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Ghost in the Shell 2: Innocence

Ghost in the Shell 2: Innocence

Director:Mamoru Oshii
Screen Writer:Mamoru Oshii
Genre:Action, Animation

At AMC Owings Mills 17

By J. Bowers | Posted 10/6/2004

OK, so, like, it’s 2032, and humans are all into augmenting their bodies with robotic technology. Some people have gone so crazy with it, they’re cyborgs—human spirits inhabiting fully mechanized body-shells. But, of course, the cyborgs and humans need lackeys, so they manufacture “dolls”—pure robots with no human elements at all. Some of these “dolls” are “gynoids,” hyperrealistic female robots created as concubines for their human owners. One gynoid goes crazy and slaughters her master, mayhem ensues, and the incident creates a backdrop for an in-depth, animated philosophical study of what it means to be human.

In the tradition of Rintaro’s Metropolis, Shoji Kawamori’s Macross Plus, and its direct predecessor, Ghost In The Shell, Ghost in the Shell 2: Innocence explores the tenuous relationship between humans and technology. Quality-wise, the animation is first-rate—CGI backgrounds blend seamlessly with hand-drawn animated characters, giving director Mamoru Oshii’s dark, hard-boiled tale a rich and varied visual palette. Deeply saturated with color, expertly shaded, and realistically rendered, this film is geek-crack at its very best, an absolute joy to behold.

Unfortunately, Ghost in the Shell 2 is a little draggy in terms of plot and pacing. The original film wasn’t exactly action-packed, but its slick film-noirish style and thoughtful script made it a direct precursor to The Matrix, A.I., and other live-action sci-fi films. By contrast, Ghost 2 grinds along at a slow crawl, lavishing large amounts of time and detail on mundane things. For instance, you’ll spend three minutes watching the main character, cyborg government anti-terror officer Bateau, genuinely agonize over whether he should feed his dog dry or wet food. But the funny thing is that you won’t mind. Little moments like these emphasize the humanity behind Ghost’s cyborg characters and make the stilted, automatonlike movement of the dolls and gynoids even more troubling and off-putting.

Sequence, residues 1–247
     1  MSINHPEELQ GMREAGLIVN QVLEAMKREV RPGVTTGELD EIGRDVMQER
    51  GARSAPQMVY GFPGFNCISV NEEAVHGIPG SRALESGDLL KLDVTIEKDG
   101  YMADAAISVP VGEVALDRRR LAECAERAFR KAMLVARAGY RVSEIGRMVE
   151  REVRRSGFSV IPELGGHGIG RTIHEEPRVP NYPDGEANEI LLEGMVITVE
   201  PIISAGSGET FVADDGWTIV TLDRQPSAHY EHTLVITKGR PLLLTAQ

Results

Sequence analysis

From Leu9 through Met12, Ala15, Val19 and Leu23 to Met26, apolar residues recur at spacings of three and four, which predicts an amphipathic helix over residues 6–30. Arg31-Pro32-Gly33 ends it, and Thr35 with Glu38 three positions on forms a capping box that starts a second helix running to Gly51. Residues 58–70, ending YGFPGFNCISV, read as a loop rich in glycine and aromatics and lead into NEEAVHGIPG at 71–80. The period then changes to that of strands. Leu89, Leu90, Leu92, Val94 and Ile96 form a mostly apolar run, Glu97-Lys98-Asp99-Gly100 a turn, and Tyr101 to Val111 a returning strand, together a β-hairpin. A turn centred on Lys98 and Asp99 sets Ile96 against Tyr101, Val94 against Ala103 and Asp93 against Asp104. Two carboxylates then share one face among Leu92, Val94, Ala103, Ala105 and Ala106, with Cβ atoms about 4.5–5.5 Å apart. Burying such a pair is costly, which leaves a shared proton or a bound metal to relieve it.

The dialogue of Bateau, his nigh-human partner Togusa, and, well, nearly everyone else in the film (except for the gynoids, who communicate in stilted, doll-like voices) is peppered with religious axioms, quoting everything from the Bible to Confucius between fight scenes and glowing wow-look-at-that scenery. It’s a bit much to digest—die-hard fanboys will definitely want to watch more than once to pick up all of Ghost’s philosophical pastiche—but it’s almost better if you kick back, enjoy the electric Kool-Aid visuals, and catch Oshii’s slick references to everything from Blade Runner to Fritz Lang’s Metropolis.

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